Bad Bills Up in House Elections, Busy Day in Senate State Affairs

Posted by |

Today in the Texas House Elections Committee will be entertaining some truly awful legislation while the Senate State Affairs Committee hears meaningful measures aimed at shoring up Texas elections and increasing transparency.

HB 2898 authored by Art Fierro (D-El Paso) would include parents and legal guardians as eligible for curbside voting. This service is currently reserved for handicapped individuals unable to enter a polling place, a manageable task given the size of the group.

Extending this to all parents or guardians or anyone with a kid in the car would be an absolute nightmare for election administration, especially in 2020 when Texas will be holding an election without the expediency of straight-ticket voting for the first time in years.

Additionally, in some Texas counties, handicap waivers have been extended to able bodied Texans, increasing the chances for ballot harvesting. Where we see allowances for the handicapped being extended to nearly all voters, opportunities for fraud and election rigging are not far behind.

HB 2902, another measure by Fierro, would allow ballot applications to be amended via email. While this is going to be lauded as an ease of administration measure it is too fraught for fraud, abuse and error.

For starters, in Texas during every election we have evidence of application and ballot harvesting. There is nothing stopping a ballot harvester from setting up and monitoring email addresses for all collected ballots. In this scenario, the bill may as well be entitled the “Streamlining Vote Harvesting Act.”

Finally, Poncho Nevarez (D-Eagle Pass) will be laying out a House Resolution calling for an Article V Convention to mandate fair elections with a specific focus on money in politics.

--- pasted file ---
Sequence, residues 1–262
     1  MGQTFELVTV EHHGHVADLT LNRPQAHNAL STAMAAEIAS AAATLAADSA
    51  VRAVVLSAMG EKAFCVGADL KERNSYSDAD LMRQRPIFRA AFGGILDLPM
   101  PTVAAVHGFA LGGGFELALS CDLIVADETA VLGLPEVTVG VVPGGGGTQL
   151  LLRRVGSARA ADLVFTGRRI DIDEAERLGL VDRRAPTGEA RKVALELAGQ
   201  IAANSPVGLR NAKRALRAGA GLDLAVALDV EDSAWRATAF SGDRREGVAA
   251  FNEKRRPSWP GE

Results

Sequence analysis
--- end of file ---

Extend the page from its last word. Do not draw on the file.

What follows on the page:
The left have become increasingly deranged about wealthy conservatives anonymously contributing to organizations focused on saving America from the cultural decay and death that progressive policies have wrought. This bill is just another attempt to expose political opposition for targeting.

Vilification by the media, harassment by political operatives and even the use of government agencies to suppress political expression are in play and why anonymous free speech via political contributions must be protected.

Aside from a bill by Representative Briscoe Cain to mandate the disclosure of early voting rosters by 11 a.m. daily, there are no positive measures of note being heard in the Texas House Election Committee.

The Senate is another story.

SB 205 by Senator Charles Perry (R-Lubbock) removes restrictions and penalties currently in place on cross-checking lists of non-citizens, excused or disqualified from jury service, with voter registration list, mandating the Attorney General (OAG) to compare such lists quarterly.

Currently, Texans working to secure the vote for Texas citizens are running into a buzzsaw of bureaucracy and delay tatcis from left wing groups.

SB 901 by Senator Bryan Hughes (R-Mineola) allows any signature on file for a voter to be used in determining the veracity of a signature. This will aid in the detection and prosecution of fraud. Recently, Direct Action Texas has filed multiple vote harvesting complaints that involve the alleged use of forged signatures.

SB 902 also by Hughes makes public access to election records affordable. Currently there is little predictability in the cost for voter and election related materials needed for independent review of election administration. These external reviews are vital to ensuring trust in our elections. Exorbitant fees being charged for election related materials and material production thwart transparency and undermine the credibility of the officials administering elections.

Hughes is back at it again, rocking the election integrity bills with SB 903, a measure that seeks to ensure that voter rolls are accurately maintained by among other things “allowing and/or requiring the secretary of state, local officials, and select other agencies to share information and take list maintenance actions” that those officials are not currently executing.

Paul Bettencourt (R-Houston) has five bills being heard in committee this morning related to election administration. One of the bills, SB 1190 clarifies what constitutes a residential address for the purpose of voter registration.

Senator Bob Hall (R-Edgewood) has two bills being heard, one of the bills SB 2353, setting up a fund to aid in the purchase of new voting equipment, has a companion bill in the House that has already been heard in the House Elections Committee.

Pin It on Pinterest